...not to mention that the (for, the moment, authoritative) Ars Technica review explicitly notes that the thing reaches 82C, which is plainly unacceptable no matter how much work you're trying to get done on the machine.

I use my iBook as a laptop, which means I drift from couch to couch with it on my lap, only occasionally setting it on a table when I take a break or need to hook up a peripheral of some sort. And it is cool enough to do so even in Portuguese summers (which easily reach 40C temperatures).

A laptop that gets even mildly warm is unbearable in these conditions, let me tell you...

Glossy Hell

Furthermore, I usually sit in naturally lit white rooms, with beams of sunlight literally washing the walls (this ought to give you an idea - I have amazing indirect lighting in the mornings and direct sunlight from past noon until sunset). The light plays havoc with the TV, of course, and I'm certain the glossy screen is going to be an issue.

As it happens, I ended up visiting two computer shops this weekend (both retailers with a wide selection of wares), and sure enough, there was hardly a PC laptop in sight without a glossy screen.

Both shops had different kinds of lighting (FNAC had a more muted, mostly indirect lighting, and the other had harsh fluorescent lighting), but it was equally hard to read the advertisements on the machines' screensavers - you had to move around and avoid the glare spots.

It was much harder to do so on a few Acer models on the second shop, and I have recently had the opportunity to lay a blank sheet of paper atop the keyboard of one such machine - with strong side lighting, the white reflection was enough of an irritation for me to wonder what white MacBook users will have to endure...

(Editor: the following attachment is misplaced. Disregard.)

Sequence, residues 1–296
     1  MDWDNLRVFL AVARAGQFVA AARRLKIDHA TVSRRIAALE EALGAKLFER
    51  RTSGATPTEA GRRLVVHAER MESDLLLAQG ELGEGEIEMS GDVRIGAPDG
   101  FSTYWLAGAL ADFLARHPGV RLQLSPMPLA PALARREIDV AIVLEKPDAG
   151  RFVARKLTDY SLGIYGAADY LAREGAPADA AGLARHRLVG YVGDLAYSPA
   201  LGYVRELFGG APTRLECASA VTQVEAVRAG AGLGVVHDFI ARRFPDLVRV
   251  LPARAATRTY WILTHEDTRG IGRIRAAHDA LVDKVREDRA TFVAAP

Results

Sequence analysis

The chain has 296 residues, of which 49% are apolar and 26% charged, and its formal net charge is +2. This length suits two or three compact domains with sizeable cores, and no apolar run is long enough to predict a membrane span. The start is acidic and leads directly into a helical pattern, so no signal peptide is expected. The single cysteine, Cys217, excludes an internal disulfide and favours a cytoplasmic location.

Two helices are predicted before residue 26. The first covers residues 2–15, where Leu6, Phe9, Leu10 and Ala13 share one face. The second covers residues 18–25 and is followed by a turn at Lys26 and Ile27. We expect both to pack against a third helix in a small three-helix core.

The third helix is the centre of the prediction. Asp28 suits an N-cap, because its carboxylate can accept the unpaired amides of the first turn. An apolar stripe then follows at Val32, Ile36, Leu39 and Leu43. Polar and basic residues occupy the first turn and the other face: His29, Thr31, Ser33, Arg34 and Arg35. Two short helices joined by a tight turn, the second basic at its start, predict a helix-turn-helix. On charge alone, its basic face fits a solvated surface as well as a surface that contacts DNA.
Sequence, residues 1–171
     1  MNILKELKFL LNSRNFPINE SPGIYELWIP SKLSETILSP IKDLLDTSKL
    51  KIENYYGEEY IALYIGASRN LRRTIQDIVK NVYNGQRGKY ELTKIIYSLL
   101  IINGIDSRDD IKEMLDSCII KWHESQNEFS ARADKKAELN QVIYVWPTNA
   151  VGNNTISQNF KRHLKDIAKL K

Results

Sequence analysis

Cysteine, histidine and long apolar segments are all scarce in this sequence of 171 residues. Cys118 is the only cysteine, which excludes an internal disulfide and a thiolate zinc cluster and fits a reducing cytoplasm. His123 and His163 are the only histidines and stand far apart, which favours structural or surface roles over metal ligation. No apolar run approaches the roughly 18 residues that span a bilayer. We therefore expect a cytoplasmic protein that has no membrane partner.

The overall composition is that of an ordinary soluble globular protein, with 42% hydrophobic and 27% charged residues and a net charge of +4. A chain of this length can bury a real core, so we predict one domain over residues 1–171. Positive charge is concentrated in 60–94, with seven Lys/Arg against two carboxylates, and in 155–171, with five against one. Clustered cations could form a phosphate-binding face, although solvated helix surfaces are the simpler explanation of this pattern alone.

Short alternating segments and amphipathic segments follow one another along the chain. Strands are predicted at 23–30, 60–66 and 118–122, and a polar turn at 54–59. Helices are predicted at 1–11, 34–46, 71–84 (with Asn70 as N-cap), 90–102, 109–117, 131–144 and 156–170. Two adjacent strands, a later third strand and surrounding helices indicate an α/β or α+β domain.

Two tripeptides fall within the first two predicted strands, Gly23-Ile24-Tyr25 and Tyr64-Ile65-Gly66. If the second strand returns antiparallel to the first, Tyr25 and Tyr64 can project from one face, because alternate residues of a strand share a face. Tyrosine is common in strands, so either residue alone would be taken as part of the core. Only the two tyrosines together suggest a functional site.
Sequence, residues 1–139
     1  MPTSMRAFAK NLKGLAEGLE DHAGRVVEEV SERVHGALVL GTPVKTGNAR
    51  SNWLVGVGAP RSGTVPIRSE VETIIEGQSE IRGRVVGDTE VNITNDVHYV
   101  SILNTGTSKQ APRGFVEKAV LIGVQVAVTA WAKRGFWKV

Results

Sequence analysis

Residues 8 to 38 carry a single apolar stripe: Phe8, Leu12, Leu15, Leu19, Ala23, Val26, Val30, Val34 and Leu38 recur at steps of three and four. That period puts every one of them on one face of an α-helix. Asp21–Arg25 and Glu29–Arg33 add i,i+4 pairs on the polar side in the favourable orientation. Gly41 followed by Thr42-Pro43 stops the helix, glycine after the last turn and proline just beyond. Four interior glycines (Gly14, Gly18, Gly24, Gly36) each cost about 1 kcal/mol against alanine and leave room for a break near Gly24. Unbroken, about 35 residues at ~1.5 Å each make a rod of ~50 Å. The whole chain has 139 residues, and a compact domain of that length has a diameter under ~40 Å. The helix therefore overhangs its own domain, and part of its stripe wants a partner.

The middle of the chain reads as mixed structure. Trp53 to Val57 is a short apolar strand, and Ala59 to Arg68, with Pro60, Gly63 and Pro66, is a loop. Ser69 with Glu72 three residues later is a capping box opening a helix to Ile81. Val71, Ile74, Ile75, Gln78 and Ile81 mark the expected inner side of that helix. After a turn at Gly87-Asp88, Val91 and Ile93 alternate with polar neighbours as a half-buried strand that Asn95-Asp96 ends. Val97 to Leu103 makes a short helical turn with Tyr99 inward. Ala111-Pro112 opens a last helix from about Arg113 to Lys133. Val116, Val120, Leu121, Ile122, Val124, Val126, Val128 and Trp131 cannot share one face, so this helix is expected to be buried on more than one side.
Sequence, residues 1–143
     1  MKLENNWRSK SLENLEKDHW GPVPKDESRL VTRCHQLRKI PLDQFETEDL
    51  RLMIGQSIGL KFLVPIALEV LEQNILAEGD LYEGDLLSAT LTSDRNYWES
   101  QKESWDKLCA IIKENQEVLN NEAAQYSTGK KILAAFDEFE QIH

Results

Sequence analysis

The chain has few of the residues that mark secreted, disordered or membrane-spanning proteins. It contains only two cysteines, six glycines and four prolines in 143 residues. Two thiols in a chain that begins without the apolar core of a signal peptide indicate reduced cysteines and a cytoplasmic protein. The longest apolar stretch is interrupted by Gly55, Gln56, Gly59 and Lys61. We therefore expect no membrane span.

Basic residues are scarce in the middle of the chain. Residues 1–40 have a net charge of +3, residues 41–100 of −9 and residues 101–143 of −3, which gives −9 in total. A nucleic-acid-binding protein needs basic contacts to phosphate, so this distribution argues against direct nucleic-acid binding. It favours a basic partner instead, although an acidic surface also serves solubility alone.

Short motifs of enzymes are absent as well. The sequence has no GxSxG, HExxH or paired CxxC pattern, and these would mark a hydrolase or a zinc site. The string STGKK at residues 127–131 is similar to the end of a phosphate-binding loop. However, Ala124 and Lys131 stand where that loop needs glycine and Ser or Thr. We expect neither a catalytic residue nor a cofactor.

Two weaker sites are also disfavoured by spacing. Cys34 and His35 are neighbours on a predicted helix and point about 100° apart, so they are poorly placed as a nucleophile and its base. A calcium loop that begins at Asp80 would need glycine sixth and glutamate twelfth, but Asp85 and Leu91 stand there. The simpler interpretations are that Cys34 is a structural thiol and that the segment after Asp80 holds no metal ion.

On Idiots, and Wishful Thinking

Like John Siracusa, I find the glossy display to be an idiotic - no, asinine choice - in fact, I went a bit further in that regard, and dubbed it the number one design mistake on the MacBook.

And, given what I've seen so far and the kind of lighting I usually work in, I shudder to imagine what it will be like to try using a display like that in my living room - or in my office, or just about anywhere where it isn't either night time or pretty bleak weather.

So I'll be waiting to see if it's dropped from the MacBook range in some way, or if it will be enough of an annoyance to take a harder look at the MacBook Pro - which will eventually have its own set of flaws sorted out, although I don't expect them to go to Merom processors this year, even if it would likely improve (massively) its current battery life.

Hopefully, Apple will come to their senses and make the glossy screen an option for both MacBook and MacBook Pros - it won't be very helpful to me given the hassle involved in getting BTO configurations here in Portugal, but it will at least give me an option.

In the meantime, feel free to send any impressions my way - if you can't use your MacBook in a sunlit room or find it unbearable to cradle on your lap, I most certainly want to hear from you.


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Mac